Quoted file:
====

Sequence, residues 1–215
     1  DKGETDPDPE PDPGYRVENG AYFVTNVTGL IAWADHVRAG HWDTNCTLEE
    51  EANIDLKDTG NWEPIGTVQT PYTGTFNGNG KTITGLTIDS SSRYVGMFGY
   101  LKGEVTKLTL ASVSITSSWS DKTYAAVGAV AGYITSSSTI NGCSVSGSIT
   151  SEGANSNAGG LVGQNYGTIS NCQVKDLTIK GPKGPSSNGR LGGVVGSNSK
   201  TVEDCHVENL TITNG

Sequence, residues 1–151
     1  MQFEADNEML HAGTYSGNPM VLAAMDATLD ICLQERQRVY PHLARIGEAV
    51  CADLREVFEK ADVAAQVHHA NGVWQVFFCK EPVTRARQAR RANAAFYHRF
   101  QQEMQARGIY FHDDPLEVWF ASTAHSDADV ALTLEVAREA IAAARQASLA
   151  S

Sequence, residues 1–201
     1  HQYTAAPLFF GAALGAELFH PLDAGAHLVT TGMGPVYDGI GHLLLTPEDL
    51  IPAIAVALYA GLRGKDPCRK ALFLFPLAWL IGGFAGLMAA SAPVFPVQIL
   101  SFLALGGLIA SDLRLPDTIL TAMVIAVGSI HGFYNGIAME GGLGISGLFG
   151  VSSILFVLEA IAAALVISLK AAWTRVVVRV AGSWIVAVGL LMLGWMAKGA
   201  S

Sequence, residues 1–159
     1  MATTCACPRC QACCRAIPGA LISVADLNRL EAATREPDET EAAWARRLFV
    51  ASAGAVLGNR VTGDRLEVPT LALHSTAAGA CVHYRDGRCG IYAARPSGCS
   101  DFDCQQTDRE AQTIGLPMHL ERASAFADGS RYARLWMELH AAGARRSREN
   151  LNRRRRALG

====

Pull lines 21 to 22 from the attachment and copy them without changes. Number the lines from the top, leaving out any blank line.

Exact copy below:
   101  DFDCQQTDRE AQTIGLPMHL ERASAFADGS RYARLWMELH AAGARRSREN
   151  LNRRRRALG